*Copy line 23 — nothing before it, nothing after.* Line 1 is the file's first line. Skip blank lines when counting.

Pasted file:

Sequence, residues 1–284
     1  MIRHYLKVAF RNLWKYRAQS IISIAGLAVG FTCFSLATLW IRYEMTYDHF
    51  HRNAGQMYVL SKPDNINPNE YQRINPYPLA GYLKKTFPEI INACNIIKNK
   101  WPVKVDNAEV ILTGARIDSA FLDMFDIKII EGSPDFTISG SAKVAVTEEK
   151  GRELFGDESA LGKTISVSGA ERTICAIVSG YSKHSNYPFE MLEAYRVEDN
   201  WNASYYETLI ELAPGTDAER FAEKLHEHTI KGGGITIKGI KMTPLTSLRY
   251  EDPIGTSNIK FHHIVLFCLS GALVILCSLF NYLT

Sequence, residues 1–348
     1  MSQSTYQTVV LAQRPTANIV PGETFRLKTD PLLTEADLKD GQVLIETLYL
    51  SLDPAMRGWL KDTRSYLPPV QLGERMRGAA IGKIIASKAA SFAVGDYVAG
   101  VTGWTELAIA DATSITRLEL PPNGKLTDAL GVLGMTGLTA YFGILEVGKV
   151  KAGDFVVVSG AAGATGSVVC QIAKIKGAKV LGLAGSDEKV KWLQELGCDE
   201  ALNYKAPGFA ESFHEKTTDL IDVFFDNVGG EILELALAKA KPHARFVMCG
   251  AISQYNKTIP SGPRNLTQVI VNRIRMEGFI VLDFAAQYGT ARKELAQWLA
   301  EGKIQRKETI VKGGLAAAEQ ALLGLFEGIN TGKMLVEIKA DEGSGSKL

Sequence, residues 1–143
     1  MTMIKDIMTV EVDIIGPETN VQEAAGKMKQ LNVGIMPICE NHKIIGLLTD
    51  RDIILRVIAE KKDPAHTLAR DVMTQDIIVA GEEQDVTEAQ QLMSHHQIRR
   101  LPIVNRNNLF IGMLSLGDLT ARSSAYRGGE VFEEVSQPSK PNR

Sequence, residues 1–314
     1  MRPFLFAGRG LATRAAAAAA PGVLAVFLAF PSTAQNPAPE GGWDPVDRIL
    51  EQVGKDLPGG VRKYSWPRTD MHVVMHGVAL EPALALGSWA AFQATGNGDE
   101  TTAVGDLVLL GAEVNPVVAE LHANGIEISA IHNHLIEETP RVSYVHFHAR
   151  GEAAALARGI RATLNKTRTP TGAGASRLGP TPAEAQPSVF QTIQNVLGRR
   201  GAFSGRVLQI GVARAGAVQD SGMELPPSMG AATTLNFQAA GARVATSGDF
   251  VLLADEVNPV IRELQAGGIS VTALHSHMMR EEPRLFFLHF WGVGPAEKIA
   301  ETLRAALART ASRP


   101  TTAVGDLVLL GAEVNPVVAE LHANGIEISA IHNHLIEETP RVSYVHFHAR